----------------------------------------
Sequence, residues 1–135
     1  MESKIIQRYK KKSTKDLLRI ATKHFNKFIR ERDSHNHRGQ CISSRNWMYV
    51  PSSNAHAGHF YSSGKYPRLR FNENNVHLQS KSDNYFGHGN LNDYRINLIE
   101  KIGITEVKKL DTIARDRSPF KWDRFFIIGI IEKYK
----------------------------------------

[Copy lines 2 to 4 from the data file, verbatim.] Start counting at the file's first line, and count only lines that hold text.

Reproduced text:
     1  MESKIIQRYK KKSTKDLLRI ATKHFNKFIR ERDSHNHRGQ CISSRNWMYV
    51  PSSNAHAGHF YSSGKYPRLR FNENNVHLQS KSDNYFGHGN LNDYRINLIE
   101  KIGITEVKKL DTIARDRSPF KWDRFFIIGI IEKYK